Green Bay Packers: Why the Chicago Bears Game Is Not a Must-Win

Trent Stutzman@@trentstutzmanContributor IIISeptember 12, 2012

GREEN BAY, WI - DECEMBER 25:  James Jones #89 of the Green Bay Packers catches a pass and is pursued by Major Wright #27 and  Charles Tillman #33 of the Chicago Bears on December 25, 2011 at Lambeau Field in Green Bay, Wisconsin.  (Photo by David Banks/Getty Images)
David Banks/Getty Images

When the Green Bay Packers lost to the San Francisco 49ers Sunday, my immediate reaction was that Thursday night’s showdown versus the Chicago Bears is now a must-win game.

Including the postseason, the Packers are now 2-3 in their last five games. They only have six remaining home games after their Week 2 showdown against Chicago.

We’ve all heard the discouraging statistics about 0-2 teams and their chances of making the playoffs.

Surely, the Packers must win this game if they are to put together a successful season, right?


Let’s pretend for a second the Packers do indeed lose to the Bears. Green Bay is now 0-2, and their next opponent isn’t until Monday night against Seattle.

The Seahawks aren’t a bad team, and their home-field advantage is one of the biggest in the NFL. But because they play on Thursday, the Packers will have an extra few days to rest, go over schemes or whatever else Mike McCarthy deems necessary to get his team back on track. They should easily beat the Seahawks.

Now at 1-2, Green Bay faces the New Orleans Saints, typically one of the best teams in the league. But the Saints appear to be in disarray without their normal coaching squad. A rookie quarterback just lit up their defense, and Drew Brees threw two picks while posting a quarterback rating of 70.9. This isn’t the same Saints team, and Green Bay should win this matchup as well.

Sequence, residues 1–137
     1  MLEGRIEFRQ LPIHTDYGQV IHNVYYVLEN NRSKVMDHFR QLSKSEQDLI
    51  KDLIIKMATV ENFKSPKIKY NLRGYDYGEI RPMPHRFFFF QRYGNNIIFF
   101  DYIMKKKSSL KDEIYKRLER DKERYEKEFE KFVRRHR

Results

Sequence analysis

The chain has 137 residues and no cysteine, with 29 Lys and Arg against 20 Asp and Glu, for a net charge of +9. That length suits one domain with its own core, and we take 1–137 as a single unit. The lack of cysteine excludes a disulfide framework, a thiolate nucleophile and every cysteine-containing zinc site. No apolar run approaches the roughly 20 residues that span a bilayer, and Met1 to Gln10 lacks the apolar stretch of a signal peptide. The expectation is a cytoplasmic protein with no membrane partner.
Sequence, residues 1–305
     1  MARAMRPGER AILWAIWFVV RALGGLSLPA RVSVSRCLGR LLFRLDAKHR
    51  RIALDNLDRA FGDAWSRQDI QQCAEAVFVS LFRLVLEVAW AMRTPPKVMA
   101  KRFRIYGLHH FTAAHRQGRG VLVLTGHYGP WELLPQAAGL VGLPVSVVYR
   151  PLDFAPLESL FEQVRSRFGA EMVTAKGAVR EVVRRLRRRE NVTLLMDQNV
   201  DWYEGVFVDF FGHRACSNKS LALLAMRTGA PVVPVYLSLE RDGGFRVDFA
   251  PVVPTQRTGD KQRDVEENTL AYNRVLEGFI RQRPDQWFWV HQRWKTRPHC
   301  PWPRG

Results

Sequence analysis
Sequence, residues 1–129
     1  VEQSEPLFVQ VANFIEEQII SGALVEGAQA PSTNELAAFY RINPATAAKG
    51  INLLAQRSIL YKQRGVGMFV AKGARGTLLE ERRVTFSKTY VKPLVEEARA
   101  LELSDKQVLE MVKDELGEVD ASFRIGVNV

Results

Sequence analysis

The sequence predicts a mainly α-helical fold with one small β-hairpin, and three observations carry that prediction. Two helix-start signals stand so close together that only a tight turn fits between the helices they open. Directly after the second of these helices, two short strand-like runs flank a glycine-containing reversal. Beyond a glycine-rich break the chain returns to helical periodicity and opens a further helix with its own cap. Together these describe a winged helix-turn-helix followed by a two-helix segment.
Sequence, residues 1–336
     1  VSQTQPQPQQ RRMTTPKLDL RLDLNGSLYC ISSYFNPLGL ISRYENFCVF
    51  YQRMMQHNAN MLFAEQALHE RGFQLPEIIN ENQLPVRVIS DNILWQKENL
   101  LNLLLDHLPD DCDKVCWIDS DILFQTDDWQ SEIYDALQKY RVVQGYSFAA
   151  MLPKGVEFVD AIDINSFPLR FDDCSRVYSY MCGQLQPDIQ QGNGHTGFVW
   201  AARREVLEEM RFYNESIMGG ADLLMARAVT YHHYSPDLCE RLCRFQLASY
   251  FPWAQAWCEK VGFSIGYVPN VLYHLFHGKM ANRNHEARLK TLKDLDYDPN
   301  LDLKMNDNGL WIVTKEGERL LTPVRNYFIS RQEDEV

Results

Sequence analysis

Now the Packers stand at 2-2. In their next five games, they face teams whose regular-season records in 2011 totaled 27-53. Worst case scenario, they lose once during this stretch and end up with a 6-3 record.

They should head into their bye week with a comfortable record and plenty of time to gear up for the final stretch. Again, McCarthy can use this time to properly prepare his team in whatever way he sees fit. McCarthy is 5-1 following bye weeks as a head coach, so I think he knows a thing or two about how to handle that extra week off.

Of their final seven games, Green Bay will endure three easy games (the Minnesota Vikings twice and the Tennessee Titans) and four favorable matchups (Detroit Lions twice, at New York Giants and at Chicago).

Going by worst case scenario again, the Packers split the latter. That would put them at 5-2 for the final stretch and 11-5 overall. Since the NFL moved to eight divisions instead of six in 2002, only one 11-5 team didn’t make the playoffs—the 2008 New England Patriots.

I don’t know if that record is good enough to win the division or secure any home playoff games, but as the Packers and Giants have proven over the past two playoffs, the most important thing is to secure any postseason spot and make sure you’re playing your best football come playoff time.

If the Packers lose Thursday night, they will have plenty of time to right the ship. Fans should trust in Aaron Rodgers and Mike McCarthy. They’ve won a Super Bowl and compiled a 15-1 regular season together.

They’ll be just fine.